Different issues tend to get more attention during each decade of retirement, and advisors need to guide clients through those phases. For example, when you’re at the start of what may be a three or four decade retirement, it’s crucial to stay engaged. As Somers says, “The brain needs novelty and a challenge.” That’s why many advisors recommend that retired clients consider part-time work for a time to ease away from working full time and get a sense of the transition to no work at all.

When I suggest to my own clients that they first downshift to part-time work, many of them are pleasantly surprised to hear that their employers still want to tap their knowledge, even if only for a few years.

Glide Paths And Smiles
Once your client has retired, there are two investing concepts he or she needs to become acquainted with: the equity glide path and the retirement spending “smile.”

Conventional wisdom suggests that retirees should steadily sell off their growth-oriented investments and make their portfolios more conservative as they age. But industry thought leader Michael Kitces believes such an approach may be ill-advised.

In 2013, he and retirement planning specialist Wade Pfau co-wrote a research paper entitled “Reducing Retirement Risk with a Rising Equity Glide-Path.” They concluded that “a declining equity exposure over time will lead the retiree to have the least in stocks if/when the good returns finally show up in the second half of retirement.” They added, “with a rising equity glide path, the retiree is less exposed to losses when most vulnerable in early retirement, and the equity exposure is greater by the time subsequent good returns finally show up.”

Remember that the paper was written when extended longevity trends weren’t as evident as they are now, and the authors’ key takeaway may be even more relevant today than it was in 2013 given the current state of equity markets. Unless the S&P 500 suffers a major drop in the final months of 2021, the index is on pace to post its 10th double-digit gain in the past 12 years. If that’s a hint stocks are due for a breather and might post a sizable drop in the next few years, it means clients may have an even greater need to maintain meaningful equity exposure in coming years to benefit from a market rebound that may come later in their extended retirement.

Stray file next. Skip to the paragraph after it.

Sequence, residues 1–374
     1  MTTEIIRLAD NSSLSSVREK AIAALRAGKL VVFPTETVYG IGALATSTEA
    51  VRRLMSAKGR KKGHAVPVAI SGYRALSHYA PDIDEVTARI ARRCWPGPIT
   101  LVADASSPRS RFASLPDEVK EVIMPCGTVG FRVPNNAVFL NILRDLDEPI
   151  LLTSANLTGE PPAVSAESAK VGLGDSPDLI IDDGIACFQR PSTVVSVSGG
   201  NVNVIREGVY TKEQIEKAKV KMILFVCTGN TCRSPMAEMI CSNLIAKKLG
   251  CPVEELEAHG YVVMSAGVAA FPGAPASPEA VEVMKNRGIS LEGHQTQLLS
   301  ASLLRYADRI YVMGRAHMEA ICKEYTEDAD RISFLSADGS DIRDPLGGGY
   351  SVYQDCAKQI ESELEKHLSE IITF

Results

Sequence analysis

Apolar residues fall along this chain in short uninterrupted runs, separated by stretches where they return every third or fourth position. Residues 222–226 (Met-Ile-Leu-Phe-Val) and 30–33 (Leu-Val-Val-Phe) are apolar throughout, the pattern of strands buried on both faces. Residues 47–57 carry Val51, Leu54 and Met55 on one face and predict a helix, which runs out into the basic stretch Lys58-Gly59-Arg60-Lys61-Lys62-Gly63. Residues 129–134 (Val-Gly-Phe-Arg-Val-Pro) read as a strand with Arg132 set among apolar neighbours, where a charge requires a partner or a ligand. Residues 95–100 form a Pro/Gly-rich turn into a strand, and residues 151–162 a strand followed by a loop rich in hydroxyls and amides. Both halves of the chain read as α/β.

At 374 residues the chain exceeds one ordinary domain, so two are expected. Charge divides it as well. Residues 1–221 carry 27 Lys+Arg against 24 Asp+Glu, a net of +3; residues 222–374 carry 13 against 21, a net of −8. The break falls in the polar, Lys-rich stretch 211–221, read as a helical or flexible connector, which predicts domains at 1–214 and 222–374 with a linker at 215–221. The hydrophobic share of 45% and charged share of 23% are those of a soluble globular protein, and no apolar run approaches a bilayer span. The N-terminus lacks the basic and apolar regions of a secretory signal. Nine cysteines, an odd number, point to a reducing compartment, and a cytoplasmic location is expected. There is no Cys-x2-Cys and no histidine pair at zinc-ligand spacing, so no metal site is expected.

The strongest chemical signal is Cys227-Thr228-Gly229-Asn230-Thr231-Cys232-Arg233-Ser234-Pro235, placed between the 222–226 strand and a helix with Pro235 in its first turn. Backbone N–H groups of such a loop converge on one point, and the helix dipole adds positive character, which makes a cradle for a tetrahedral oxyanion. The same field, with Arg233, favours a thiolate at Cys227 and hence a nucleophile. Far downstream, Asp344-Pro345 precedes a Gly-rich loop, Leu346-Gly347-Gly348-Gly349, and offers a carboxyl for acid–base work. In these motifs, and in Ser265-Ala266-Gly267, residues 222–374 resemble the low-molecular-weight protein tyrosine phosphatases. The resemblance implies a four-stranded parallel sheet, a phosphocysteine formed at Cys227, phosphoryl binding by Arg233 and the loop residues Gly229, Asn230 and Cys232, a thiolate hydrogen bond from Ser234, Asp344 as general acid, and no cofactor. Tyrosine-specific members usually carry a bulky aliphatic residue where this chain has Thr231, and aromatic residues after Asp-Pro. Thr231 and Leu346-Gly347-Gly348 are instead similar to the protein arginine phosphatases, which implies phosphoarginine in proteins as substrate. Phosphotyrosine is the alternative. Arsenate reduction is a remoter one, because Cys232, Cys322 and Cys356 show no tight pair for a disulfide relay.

Though it’s an advisor’s job to be thoughtful about the market’s performance, the client’s withdrawal rate and the tax efficiency of those withdrawals, there’s another aspect of client behavior they need to consider. Clients tend to be overly cautious about spending in the early years of retirement, and that might not be the right idea.

That’s where the “retirement spending smile” comes in. It assumes that as we age, we tend to slow down, get more sedentary and spend less. Which suggests that new retirees should actually be encouraged to spend more on travel, dining out and other types of discretionary items.

David Blanchett, the head of retirement research at Morningstar, wrote in the May 2014 Journal of Financial Planning that a retiree’s spending tends to fall in real terms at roughly 1% per year for the first 20 to 25 years after somebody leaves work.

However, because of the late-in-life surge in chronic care spending, retirees’ expenses start to rise in their final years. Even if clients have long-term-care insurance policies, these may not cover all of their expenses, which means they must set aside funds for extra costs.

And those costs keep on rising. In 2014, a private room in a nursing home cost around $65,000 per year, according to Genworth Financial. By 2020, that figure had surged 62% to around $105,000.

As annual costs keep rising, so do the number of years people may spend in a facility as they live longer. And there’s also the prospect of dementia, whose incidence rates increase with age.

To be sure, an early retirement (either planned or unplanned) in tandem with increasing expected life spans can render a long-term financial plan less viable. Clients may not want to hear about the longer-term financial risks associated with a very lengthy retirement. Still, an advisor is not in a position to sugarcoat matters when the numbers don’t fully add up. When that happens, your insights about extended work and longevity could be the difference between a merely decent financial plan and a robust one.      

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